Julia Lawless, in her book The Illustrated Encyclopedia of Essential Oils states, “When we peel and orange, walk through a rose garden or run a sprig of lavender between our fingers, we are all aware of the special scent of that plant. But what exactly is it that we can smell? Generally speaking, it is essential oils that give spices and herbs their specific scent and flavour, flowers and fruit their perfume.”
That about sums it up. Essential oils are natural oils that contain the “essence” of a plant. They are the liquid or resin that is distilled, pressed or extracted from different parts of the plant – leaves, flowers, bark, berries, root, needles, seeds, beans, peel, cones, wood, stalks etc. Essential oils are generally extracted by distillation, though some oils are gotten through other processes like expression or solvent extraction.
Sometimes the oil can come from different parts of the plant – a few plants (like an orange tree) contain several different essential oils in different parts. Orange essential oil is derived from the fruit, neroli from the flower blossoms and petitgrain from the leaves.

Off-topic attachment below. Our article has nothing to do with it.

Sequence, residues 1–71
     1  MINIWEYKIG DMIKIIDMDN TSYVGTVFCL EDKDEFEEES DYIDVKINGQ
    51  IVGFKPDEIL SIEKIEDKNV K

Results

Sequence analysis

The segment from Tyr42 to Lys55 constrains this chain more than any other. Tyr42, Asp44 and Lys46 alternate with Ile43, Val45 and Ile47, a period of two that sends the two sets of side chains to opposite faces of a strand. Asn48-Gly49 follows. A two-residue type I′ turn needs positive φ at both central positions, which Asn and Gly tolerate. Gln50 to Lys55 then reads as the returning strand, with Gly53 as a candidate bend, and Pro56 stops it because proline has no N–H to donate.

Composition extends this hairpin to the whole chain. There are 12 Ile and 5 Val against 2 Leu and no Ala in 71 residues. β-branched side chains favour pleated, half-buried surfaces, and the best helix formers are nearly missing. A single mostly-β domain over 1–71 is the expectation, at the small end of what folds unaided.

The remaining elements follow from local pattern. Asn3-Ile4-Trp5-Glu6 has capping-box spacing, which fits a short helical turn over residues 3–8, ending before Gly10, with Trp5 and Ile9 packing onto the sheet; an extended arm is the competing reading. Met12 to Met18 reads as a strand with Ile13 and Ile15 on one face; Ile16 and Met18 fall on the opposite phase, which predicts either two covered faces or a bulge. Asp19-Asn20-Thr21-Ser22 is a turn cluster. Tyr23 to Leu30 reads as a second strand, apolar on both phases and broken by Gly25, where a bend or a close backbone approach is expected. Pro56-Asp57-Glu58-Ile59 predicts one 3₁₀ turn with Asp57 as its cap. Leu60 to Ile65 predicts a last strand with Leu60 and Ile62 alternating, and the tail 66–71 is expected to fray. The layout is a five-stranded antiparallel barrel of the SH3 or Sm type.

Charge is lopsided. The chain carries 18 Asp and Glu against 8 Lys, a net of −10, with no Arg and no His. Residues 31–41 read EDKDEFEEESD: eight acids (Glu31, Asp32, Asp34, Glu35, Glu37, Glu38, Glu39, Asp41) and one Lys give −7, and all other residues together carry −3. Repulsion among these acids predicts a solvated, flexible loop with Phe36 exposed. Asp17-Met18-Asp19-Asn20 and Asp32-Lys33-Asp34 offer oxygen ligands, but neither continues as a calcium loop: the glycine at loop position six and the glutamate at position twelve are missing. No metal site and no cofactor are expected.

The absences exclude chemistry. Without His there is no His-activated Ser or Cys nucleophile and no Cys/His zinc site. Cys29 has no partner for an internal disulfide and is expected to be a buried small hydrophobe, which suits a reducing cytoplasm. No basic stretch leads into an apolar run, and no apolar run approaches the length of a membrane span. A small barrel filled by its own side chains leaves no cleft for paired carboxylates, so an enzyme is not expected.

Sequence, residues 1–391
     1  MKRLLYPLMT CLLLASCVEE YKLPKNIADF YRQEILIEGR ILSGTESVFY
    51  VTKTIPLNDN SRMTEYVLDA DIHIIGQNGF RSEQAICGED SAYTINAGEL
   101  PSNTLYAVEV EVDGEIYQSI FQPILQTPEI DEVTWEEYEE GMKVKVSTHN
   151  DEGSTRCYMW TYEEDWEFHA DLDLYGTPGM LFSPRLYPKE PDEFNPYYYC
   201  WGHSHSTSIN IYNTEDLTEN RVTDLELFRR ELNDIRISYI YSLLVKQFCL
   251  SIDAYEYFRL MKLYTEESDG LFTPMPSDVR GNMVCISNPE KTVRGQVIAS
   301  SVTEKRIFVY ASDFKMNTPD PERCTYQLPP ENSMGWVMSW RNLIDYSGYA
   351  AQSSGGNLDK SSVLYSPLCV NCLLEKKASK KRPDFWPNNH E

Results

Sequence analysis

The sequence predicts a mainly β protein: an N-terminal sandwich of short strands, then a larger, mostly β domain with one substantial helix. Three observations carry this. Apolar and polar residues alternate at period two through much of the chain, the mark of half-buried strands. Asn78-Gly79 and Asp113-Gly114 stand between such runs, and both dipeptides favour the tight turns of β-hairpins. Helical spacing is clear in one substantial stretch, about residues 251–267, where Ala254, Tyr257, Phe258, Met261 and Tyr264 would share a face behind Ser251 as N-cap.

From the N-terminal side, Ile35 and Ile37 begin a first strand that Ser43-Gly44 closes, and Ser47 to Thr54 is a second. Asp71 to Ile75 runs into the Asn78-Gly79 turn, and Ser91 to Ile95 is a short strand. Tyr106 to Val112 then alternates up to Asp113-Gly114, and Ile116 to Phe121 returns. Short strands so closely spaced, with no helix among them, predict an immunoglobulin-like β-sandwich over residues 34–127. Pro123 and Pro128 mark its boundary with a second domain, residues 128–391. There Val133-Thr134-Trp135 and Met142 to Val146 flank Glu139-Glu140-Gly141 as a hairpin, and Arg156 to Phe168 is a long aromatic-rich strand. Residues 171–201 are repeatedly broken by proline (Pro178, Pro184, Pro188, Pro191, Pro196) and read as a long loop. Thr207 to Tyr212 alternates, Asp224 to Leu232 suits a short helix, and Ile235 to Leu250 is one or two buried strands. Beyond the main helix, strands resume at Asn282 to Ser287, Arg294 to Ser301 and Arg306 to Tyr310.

It takes many, usually hundreds of, pounds of plant material to make a pound of essential oil. It takes about 200 pounds of lavender to make a pound of lavender essential oil. It takes over 2000 pounds of rose petals to make a pound of rose essential oil. (That's why it's SO expensive!)
Essential oils can be used in making soap and making candles – as well as in making many other fragrant items like room sprays, lotions, bath salts and oils, balms etc. They are also, of course, the foundation for the whole practice of aromatherapy.
For the most part, they can be used in about the same concentrations, and used in the same ways as fragrance oils. Remember, many fragrance oils contain essential oils as part of their blends.
Some people may be concerned about the safety of essential oils - and rightly so. Essential oils are powerful organic chemicals. But the same care should be taken whether using fragrance or essential oils in your candles and soap. Chemicals are chemicals whether they're created in a lab, or created in nature. Just because something is natural doesn't mean it's safe to put in or on your body.
So which is better?
I love essential oils. I also love fragrance oils. I use both of them in my soaps and candles. I do not believe that either one is inherently better than the other. They both have their proper uses, cautions and advantages. Like with all things, it is up to us candle makers and soap makers to learn all we can so that we can make educated choices about the products we make.